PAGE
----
Sprint Car setup technology...
Sprint Car setup technology has become more or less standardized. Even so, there is still much to learn about the finer points of adjusting our cars for optimum performance. Bob Armbruster
Sprint Car racing is one of, if not the, most exciting motorsports forms we have. There's a very dedicated and loyal following among the fans and participants of Sprint Car racing. One of our former owners owned and published Open Wheel magazine until it was decided, wisely or not, that it was no longer economically feasible to continue to offer that title. We would like to continue where OW left off and provide tech content in Circle Track. This article is the beginning of many Sprint Car related offerings in the years to come.
Technology for Sprint Cars has not evolved very much over the years. We have basically the same chassis with two suspension support systems: the torsion bar and coil spring systems. The straight axle front suspension is standard, as is the steering. Designs become "standardized" through trial and error and Sprint Car design is what it is because of the need for simplicity and durability. Is this the only system that will work? We don't know, but it would be fun to experiment. And we might do that in the coming issues. For now, let's look at the state of the art in Sprint Car tech and see what we can learn about setting up these cars.
Dirt Sprint Cars have large...
Dirt Sprint Cars have large and wide right rear tires and the resulting large amount of stagger helps make the car turn and provides more bite when exiting the corners. Stagger changes are used to tune the car for changing track conditions. Bob Bolles
Sprint Cars are all constructed in a similar fashion. The suspension has a straight axle for both the front and rear, the driver sits in the center of the car, the rear axle is supported inside birdcages, the rear tires are much larger and wider than the fronts, especially the right rear, and the cars are sprung with either a coilover spring/shock combination, torsion bars, or a combination of both.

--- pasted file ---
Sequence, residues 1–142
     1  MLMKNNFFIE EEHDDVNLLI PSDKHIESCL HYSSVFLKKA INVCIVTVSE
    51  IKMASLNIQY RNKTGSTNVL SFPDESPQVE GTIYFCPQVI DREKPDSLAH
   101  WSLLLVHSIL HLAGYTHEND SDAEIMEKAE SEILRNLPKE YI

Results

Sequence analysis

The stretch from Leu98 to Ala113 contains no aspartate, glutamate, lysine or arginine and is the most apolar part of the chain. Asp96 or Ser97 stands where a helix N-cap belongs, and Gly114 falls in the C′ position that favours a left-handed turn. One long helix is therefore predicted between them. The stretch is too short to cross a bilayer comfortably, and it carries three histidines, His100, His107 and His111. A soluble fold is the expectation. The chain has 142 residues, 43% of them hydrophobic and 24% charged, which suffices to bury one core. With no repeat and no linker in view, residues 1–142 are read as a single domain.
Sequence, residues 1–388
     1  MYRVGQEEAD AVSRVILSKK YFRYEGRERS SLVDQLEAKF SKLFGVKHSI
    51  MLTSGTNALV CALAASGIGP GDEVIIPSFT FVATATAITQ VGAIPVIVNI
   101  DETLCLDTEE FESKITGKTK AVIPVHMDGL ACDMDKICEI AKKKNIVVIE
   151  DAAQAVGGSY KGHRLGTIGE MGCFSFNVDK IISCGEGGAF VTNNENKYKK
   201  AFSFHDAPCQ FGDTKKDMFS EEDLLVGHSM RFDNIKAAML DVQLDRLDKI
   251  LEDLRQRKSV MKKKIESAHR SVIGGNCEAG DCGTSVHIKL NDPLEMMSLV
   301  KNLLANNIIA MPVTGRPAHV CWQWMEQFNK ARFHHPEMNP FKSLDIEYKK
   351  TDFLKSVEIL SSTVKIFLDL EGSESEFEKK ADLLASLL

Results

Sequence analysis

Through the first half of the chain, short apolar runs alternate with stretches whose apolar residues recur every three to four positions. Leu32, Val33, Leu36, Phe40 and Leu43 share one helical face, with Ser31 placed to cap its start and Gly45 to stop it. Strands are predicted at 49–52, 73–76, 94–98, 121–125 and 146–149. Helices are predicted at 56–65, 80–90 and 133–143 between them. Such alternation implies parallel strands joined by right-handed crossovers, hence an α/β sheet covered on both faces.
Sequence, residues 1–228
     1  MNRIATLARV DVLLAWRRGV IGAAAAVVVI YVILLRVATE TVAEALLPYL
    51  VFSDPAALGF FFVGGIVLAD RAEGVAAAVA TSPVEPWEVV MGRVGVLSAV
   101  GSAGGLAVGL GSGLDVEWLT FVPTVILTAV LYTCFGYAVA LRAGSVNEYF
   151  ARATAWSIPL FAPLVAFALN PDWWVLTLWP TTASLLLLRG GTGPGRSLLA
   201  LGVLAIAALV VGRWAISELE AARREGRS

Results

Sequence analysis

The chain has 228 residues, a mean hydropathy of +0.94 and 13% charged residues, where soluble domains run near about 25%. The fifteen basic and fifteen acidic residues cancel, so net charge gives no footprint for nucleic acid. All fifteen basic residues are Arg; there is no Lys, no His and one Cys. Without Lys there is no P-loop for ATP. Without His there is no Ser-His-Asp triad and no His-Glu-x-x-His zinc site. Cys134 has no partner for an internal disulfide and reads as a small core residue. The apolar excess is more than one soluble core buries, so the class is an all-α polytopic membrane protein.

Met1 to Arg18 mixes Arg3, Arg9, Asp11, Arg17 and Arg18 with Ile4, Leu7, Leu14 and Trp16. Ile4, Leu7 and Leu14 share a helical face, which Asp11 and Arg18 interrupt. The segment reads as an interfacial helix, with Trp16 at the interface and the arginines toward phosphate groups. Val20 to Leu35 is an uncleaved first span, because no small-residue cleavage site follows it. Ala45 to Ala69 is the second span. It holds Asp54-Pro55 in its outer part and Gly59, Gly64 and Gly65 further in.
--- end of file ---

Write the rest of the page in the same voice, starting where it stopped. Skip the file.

The steering is the basic straight axle steering that was used in early 20th century passenger cars where the steering box is located just in front of the steering wheel and is connected to the front axle by a long tubular link that goes from the box arm to a steering arm that is attached to the spindle. A tie rod then connects both front spindles. The cars may have wings or not, depending on the particular rules. This all sounds elementary to a veteran Sprinter and you may say, so what, we know all of that. We are pointing out these various design features so we can evaluate them individually later on.
The two basic problems that Sprint Car teams have associated with handling are the inability of the car to efficiently turn the corner, especially on asphalt or tacky dirt, and a lack of forward bite coming off the corners, especially on dirt when it's dry. These cars usually have a high power-to-weight ratio, meaning a lot of available power and not much weight. The wide RR tire helps provide much of the forward bite but can also make the car tight on entry and in the middle of the turn. If we loosen the car to make it turn, we lose forward bite.
This unique Sprint Car defied...
This unique Sprint Car defied tradition. It was custom built by Bill Montagne in 1978 with an independent suspension at the front and rear with torsion bar springs. Do we need for someone to come along now and redefine the Sprint Car, or is the design maxed out? Photo courtesy Bill Montagne
If we use the standard manufacturer's suggested settings for setup, we might not find the true potential for our cars. That is because car builders must publish information that would fit a wide range of tracks and track conditions. If your team runs one particular track every weekend, then you should try to tailor your setup to work for your racetrack.
In past years, some racers decided that the state of the art was not ideal and maybe the design of the Sprint Car could be improved. We never learn anything if we don't try, so in and around 1978, Bill Montagne of California, designed and built his own unique double A-arm front and rear Sprint Car. It had several interesting features.
Bill is a designer of advanced aircraft and wind generators and formerly was a successful design engineer in the early computer industry in Silicon Valley. He had never raced on four wheels before designing and running this car. Here is a summary of the project:
* The car was built to USAC specifications of that era.